The flag bracket for the flags that herald the seasons and moods of home beside my garage door – it fell to the ground, too.
When the rains came yesterday, we put buckets on the floor to catch the evidence of a family room roof leak.
These growing up challenges my boys to men face, there are broken things there, too – I’m supposed to be teaching them how to fix them – and sometimes, the lesson is a mess all around.
My kitchen table, instead of looking how I know it can look, is mini-piles of many messes. It’s more than a dinner table. It’s a work table, a business desk, an art table, a celebration table, a lecture table, a prayer table – and I just can’t seem to make it what I want – a neat, tidy, polished harvest table with 3 white pottery cups filled with zinnias.
There is so much evidence of the outside-of-myself brokenness.
For a moment tonight, a long moment, beyond a pause, a lie tried to slip into my mind – and, if it were to slip into my mind, it would try to drip into my heart where it would try to crowd out all hope.
The lie? Oh, it’s an old lie – like ants in the summer sneaking from the outside in, the lie tries to sneak in when I least feel equipped to handle it.
Standing in the kitchen among the near-last clippings of zinnias in mason jars, pottery cups and vases, and a green tin bucket of tomatoes that needed to be cooked, the lie, it crept in, uninvited, unwanted.
I wrapped myself in a quilt and crept out to the porch. In the darkness, I wished for a real-live, on-earth dad who would have made me feel awesome about myself, who would have fought for me, hugged those old lies away.
The Father, though, He didn’t leave me out there alone. He came and sat beside me, reminding me, “I call you by your name, I name you, though you do not know me” (Isaiah 45:4)
Though you do not know me, like I know you, He says.
I don’t know how to fix the bell or the flag bracket. I can’t fix the roof or patch the ceiling. That kitchen table with its mess – what do you do with the mess? I can’t even fix my children’s growing up challenges. All the things I really, really want to do – I seem to be coming up empty of what it takes.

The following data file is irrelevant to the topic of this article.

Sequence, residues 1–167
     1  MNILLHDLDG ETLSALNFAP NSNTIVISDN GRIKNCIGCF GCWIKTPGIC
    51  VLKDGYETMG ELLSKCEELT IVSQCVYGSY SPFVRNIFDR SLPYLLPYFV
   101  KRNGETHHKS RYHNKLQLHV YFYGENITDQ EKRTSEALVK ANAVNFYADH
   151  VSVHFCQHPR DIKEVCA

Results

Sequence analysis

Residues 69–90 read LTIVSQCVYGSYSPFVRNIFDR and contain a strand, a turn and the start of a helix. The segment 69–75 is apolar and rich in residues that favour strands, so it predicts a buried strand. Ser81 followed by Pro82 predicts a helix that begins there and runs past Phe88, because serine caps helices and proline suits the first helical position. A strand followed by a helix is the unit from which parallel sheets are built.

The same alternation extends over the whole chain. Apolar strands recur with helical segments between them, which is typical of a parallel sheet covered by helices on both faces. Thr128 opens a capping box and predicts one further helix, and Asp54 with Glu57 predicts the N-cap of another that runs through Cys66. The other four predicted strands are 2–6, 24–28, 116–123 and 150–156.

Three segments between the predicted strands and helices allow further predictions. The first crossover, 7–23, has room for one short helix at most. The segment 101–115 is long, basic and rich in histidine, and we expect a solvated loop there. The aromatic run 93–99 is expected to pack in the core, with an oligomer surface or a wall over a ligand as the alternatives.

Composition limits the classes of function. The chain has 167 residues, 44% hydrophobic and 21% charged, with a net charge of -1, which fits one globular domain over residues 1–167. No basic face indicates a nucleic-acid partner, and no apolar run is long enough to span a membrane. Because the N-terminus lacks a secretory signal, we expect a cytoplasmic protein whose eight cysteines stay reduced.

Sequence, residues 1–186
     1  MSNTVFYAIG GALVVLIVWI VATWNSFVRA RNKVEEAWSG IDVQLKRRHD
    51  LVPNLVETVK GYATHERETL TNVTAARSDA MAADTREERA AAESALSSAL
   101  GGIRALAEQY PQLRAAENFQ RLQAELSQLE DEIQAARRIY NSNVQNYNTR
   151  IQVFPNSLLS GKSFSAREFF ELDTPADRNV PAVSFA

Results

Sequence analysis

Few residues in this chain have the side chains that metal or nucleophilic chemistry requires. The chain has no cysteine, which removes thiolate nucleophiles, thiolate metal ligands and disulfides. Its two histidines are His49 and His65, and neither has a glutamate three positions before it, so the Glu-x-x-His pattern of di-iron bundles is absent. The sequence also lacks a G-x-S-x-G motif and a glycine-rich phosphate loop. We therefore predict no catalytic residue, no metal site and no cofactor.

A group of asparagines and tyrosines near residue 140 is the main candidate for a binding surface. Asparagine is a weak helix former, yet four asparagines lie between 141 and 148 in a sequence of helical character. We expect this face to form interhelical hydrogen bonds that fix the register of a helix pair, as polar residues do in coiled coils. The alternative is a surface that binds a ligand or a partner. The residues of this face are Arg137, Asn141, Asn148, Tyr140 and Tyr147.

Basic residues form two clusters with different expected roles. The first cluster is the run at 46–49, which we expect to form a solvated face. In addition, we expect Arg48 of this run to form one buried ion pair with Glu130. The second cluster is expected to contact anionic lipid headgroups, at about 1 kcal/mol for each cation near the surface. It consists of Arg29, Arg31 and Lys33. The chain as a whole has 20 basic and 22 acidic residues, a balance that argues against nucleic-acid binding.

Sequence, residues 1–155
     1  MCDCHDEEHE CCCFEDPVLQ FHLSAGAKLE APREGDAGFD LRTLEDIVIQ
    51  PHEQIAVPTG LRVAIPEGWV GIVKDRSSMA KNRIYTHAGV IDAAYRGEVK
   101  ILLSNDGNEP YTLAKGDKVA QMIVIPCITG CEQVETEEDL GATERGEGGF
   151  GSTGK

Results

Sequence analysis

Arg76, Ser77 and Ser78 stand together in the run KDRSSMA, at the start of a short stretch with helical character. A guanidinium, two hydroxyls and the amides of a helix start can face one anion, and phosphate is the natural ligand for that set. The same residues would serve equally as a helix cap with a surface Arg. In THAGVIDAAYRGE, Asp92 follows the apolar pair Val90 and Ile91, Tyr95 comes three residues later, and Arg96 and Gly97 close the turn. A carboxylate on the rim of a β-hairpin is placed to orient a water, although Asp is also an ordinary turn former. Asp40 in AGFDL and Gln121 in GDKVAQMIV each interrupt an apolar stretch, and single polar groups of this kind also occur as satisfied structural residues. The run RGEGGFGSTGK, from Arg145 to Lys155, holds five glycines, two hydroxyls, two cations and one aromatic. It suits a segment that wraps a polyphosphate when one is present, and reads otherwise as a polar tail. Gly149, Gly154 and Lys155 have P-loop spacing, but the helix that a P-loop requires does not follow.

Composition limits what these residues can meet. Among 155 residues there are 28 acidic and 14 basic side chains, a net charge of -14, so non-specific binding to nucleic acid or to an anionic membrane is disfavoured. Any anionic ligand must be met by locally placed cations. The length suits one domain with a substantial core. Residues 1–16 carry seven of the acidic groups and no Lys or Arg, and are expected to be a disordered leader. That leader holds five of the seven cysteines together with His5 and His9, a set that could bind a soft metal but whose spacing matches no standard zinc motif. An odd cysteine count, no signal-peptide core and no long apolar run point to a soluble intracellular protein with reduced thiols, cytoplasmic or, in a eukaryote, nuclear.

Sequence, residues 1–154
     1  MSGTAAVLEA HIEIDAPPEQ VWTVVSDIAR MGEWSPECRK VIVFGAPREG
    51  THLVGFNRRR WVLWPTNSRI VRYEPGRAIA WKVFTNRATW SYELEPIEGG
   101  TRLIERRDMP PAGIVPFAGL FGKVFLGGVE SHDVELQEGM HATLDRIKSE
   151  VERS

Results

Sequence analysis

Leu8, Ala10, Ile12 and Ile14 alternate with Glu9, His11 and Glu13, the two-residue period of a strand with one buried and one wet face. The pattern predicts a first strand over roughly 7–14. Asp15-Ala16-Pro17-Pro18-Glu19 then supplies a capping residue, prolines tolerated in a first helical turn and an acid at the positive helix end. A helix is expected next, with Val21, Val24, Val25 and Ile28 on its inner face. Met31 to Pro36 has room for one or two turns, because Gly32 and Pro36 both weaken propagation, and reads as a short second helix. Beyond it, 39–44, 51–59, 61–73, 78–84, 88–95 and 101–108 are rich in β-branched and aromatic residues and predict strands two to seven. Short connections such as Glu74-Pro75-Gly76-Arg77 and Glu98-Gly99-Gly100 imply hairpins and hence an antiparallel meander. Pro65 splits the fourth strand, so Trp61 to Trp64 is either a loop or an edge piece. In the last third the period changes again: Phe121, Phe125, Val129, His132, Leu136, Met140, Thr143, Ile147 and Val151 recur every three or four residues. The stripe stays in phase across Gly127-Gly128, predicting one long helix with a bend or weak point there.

“I have chosen you and have not rejected you” (Isaiah 41:9)
I sat there, blinking at the star, listening to the neighbor’s dog and the katydids, wrapping the quilt tighter in the crisp coolness.
“I equip you, though you do not know me” (Isaiah 45:5), He reminds me.
“Listen to me – Listen Close, ‘I am the LORD, and there is no other, besides me there is no God; I equip you, though you do not know me” (Isaiah 45:5)” – His word pursues me, reaching out to pull me close.
You are equipped, He tells me – nothing you are going through is a surprise to me. Nothing your children are going through is a surprise to me. I made them. I made you – and I equipped each of you for each journey, each challenge.
You are not fatherless, success-less, you are worthy of first-class dreams that I put inside you – that is why those dreams are there – because I put those dreams inside you before you were born.
I knew the challenges the boys would face. I made sure you were equipped to handle them – I knew about them before you were born. I knew you wouldn’t give up on them – I put that inside you to – that not-give-up-ness.
You just don’t always know my plan for your life. You have to trust me. I don’t reject you. I chose you. I named you. One day, you will hear me say the name I gave you – and you will love it! I gave you the best equipage available in the universe to handle the precious responsibility I gave you – you lack nothing; you have the best of everything.
Don’t believe the deceiver’s lies. Know me more. Trust me better.